She adds that, particularly at the moment, “every single euro matters". 

    Kristalina Georgieva
  20. Management issues 'need to be addressed'

    ECA President Vitor Caldeira tells MEPs that he would like to make it "absolutely clear" that the 2014 accounts are "reliable" and "have been signed off".

    He says the error rate of 4.4% has been "stable for the last three years". 

    However, he says that the account nevertheless showed "longstanding financial management issues that need to be addressed". 

    On the issue of where money is being spent, he says EU spending should "better match" its aims, and  "could be invested better to face the many challenges that Europe faces".

    He says an upcoming mid-term review of the EU's current long-term budget will provide a "crucial opportunity" to rethink spending priorities. 

    Vitor Caldeira
  21. Background on ECA report

    First this morning, MEPs will be joined by European Court of Auditors (ECA) President Vitor Caldeira to discuss levels of mis-spending of EU funds last year.

    The ECA reported two weeks ago that found that 4.4% of EU funds were mis-spent – slightly down on the level for 2013.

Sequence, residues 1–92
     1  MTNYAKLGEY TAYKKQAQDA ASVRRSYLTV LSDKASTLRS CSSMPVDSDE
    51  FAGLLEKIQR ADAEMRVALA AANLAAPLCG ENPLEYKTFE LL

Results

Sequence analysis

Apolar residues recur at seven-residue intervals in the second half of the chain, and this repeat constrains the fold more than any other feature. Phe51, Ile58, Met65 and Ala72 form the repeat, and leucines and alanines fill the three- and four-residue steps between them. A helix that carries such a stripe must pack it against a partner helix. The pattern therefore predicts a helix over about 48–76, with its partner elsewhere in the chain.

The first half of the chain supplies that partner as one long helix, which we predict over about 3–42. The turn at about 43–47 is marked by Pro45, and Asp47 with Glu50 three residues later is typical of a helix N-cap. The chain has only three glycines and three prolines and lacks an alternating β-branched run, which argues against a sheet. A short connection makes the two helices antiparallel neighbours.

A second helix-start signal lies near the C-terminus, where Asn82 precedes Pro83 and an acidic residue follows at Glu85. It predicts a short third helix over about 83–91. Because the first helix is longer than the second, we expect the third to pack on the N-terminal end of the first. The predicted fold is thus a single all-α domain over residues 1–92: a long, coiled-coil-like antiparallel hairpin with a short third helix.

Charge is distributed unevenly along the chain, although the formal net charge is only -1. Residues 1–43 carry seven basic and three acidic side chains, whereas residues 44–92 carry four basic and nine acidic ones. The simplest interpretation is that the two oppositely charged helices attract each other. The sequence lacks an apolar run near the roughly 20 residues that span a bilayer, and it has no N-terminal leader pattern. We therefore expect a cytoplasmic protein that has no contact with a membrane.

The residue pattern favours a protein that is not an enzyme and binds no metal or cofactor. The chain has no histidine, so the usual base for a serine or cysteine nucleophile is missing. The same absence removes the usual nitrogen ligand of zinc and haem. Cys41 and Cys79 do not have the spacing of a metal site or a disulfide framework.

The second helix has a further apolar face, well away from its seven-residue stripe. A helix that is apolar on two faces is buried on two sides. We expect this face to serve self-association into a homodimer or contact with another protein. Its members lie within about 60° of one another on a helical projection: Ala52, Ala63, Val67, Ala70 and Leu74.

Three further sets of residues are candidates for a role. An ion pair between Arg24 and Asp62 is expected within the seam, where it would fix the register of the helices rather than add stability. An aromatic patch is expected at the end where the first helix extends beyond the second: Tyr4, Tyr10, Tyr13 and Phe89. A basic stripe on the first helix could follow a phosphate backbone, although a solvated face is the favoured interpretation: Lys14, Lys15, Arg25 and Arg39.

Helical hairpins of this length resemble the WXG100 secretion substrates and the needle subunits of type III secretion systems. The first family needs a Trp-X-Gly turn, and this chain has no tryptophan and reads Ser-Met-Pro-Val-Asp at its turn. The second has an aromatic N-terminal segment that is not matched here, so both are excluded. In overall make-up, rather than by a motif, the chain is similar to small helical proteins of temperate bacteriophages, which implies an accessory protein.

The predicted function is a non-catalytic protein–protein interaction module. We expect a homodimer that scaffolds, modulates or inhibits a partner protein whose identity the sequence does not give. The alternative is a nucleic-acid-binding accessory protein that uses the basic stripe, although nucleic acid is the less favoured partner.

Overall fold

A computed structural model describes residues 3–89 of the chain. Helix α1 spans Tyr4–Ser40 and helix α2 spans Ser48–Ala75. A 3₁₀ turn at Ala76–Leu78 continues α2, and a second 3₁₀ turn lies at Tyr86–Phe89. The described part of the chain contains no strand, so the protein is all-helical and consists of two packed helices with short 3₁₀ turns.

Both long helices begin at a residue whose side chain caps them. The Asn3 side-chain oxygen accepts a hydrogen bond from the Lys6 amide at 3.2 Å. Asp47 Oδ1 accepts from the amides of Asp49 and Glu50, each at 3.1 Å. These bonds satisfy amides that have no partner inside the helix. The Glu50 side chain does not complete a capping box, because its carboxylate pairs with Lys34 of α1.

The European Commission says most "errors" take place at national level, where 80% of EU funds are managed.

    As in previous years, the biggest spending areas were agriculture and rural development (€57.5bn) and cash for poorer regions, known as "cohesion" funds (€55.7bn). 

  22. Good Morning

    Hello and welcome to coverage of today’s plenary sitting of the European Parliament in Strasbourg.

    This morning, MEPs are going to be debating levels of fraud and misspent funds in the EU’s budget last year.

    After that, MEPs will be debating resolutions on recent human rights cases in Afghanistan, Cambodia and Bangladesh.

    The sitting will close with the lunchtime voting session.